Why We Work
Why We Work
High school education in the developing world isn't free.
We help girls living in slums get the education they need to escape poverty.
In slums around the world where poverty is rampant, life is extremely difficult.
These informal settlements have no infrastructure, security, or school system. Access to basic needs including education is limited, and girls are last in line for everything.
Inside a slum, thousands of people live crammed together in tiny shacks without electricity, trash collection, running water, or toilets.
A slum is a dangerous place for a girl.
Girls are extremely vulnerable to rape or other sexual abuse and are preyed on by men of all ages, including teachers and relatives. As a result, girls are at a high risk for HIV/AIDS and early pregnancy. Many are orphans with no one who cares for their well-being. Unable to afford high school tuition, young girls become trapped in the slum. With only an 8th grade education, their options are limited to early marriage or casual labor jobs, and many are forced to turn to prostitution as a last resort.
"Investment in girls' education may well be the highest-Lawrence Summers, former Chief Economist, World Bank
return investment available in the developing world."
Girls have the power to change the world. Educating girls is the best way to help a country break the cycle of poverty. The return on investment for educated girls is higher than for boys because girls change communities. Educated girls get married later, have fewer children, and earn higher wages so that they can properly care for their children. They place a higher value on education so their children will also be educated. All it takes is one educated generation of girls to break the cycle of poverty.
Hear from one of our volunteer mentors.
Wanting to have a more direct impact on poverty, we left our jobs at the World Bank in 2012 and traveled to Africa in search of answers. Five countries and many slums later, we met an outspoken group of 7th and 8th grade girls in Kibera slum, Kenya, who inspired the idea for Watch Me Go. We learned first-hand the many challenges they faced trying to get an education and stay safe in the slum. We were awestruck by their incredible desire to learn and succeed despite being born into a place where the odds were stacked against them. They desperately wanted to get out of the slum and become something in life, and they made one thing very clear:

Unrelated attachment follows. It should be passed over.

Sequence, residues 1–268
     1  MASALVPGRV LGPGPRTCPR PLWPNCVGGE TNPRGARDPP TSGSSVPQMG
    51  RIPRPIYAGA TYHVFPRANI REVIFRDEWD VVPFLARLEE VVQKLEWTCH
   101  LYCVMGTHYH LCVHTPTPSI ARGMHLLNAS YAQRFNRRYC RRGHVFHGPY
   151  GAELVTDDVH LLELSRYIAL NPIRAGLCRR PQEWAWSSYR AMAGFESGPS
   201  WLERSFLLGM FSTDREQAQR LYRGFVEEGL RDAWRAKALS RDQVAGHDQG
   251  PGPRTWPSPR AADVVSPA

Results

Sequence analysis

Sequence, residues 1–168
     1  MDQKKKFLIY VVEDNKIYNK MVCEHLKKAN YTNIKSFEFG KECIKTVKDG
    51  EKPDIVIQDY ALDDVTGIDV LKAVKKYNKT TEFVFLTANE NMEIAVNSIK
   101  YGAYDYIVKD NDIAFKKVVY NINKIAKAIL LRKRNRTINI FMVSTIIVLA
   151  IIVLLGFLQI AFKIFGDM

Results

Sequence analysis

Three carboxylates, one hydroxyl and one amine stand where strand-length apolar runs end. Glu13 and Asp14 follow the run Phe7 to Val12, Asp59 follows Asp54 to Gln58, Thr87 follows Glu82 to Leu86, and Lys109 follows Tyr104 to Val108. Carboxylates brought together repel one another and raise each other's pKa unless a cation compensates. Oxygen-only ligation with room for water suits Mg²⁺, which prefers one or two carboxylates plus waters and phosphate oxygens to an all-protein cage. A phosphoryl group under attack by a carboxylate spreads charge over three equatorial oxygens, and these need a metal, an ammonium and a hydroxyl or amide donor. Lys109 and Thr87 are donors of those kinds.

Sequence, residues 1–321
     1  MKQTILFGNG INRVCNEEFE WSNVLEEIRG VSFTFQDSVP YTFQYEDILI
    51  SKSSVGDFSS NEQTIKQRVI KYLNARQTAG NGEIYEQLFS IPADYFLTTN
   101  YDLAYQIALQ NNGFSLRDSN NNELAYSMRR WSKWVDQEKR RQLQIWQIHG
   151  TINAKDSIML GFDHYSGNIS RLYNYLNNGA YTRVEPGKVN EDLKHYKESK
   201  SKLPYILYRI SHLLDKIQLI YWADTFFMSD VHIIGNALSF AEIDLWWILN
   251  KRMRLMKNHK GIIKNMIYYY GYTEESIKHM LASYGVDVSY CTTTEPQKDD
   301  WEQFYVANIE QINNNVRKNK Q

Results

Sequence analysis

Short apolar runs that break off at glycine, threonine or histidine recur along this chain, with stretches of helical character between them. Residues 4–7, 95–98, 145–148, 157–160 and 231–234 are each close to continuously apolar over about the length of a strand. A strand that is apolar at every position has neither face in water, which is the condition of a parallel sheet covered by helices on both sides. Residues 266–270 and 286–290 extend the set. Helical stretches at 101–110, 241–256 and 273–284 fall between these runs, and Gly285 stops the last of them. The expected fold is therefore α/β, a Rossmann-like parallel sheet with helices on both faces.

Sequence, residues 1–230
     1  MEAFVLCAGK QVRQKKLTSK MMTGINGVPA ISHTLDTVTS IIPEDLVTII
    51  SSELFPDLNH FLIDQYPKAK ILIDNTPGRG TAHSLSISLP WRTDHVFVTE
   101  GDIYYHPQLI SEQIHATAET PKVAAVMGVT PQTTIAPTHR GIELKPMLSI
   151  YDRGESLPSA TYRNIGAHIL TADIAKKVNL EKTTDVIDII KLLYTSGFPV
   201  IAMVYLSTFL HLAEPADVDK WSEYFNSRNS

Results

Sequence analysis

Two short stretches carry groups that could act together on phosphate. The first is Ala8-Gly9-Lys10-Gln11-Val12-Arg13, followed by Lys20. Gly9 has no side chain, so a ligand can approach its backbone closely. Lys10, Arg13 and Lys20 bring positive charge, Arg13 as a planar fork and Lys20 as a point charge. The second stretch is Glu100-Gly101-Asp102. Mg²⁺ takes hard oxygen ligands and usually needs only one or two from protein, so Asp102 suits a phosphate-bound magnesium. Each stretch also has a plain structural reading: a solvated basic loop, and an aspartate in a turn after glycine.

One girl, Rebecca, would ask us to go home at night and gather information for her on becoming a lawyer in Kenya because she didn't have access to internet or other resources to find out herself, but it was her dream to become a lawyer. It was so hard to imagine her not even getting the chance to go to high school, or even worse, being forced into early marriage or prostitution. These girls were bright and yearning for change, and they articulated their dreams with inspiring determination. After getting to know them, we were convinced that they were the solution to ending poverty. We started supporting several of them so they could go to high school, but we knew we couldn't support all of them without help, and leaving them in the slum was not an option.
In 2013, the idea for Watch Me Go won seed funding from D-Prize, a social entrepreneurship competition for distributing development solutions, like education, on a large scale. Through this platform, we hope to be able to impact the lives of thousands of girls around of the world.
Thank you to everyone who helps support our mission,
Katie and Ian
Ian with some of the girls that inspired the idea for Watch Me Go on our trip in 2012.
Katie, in 2013, telling some of the same girls that they would all be going to high school after starting Watch Me Go.
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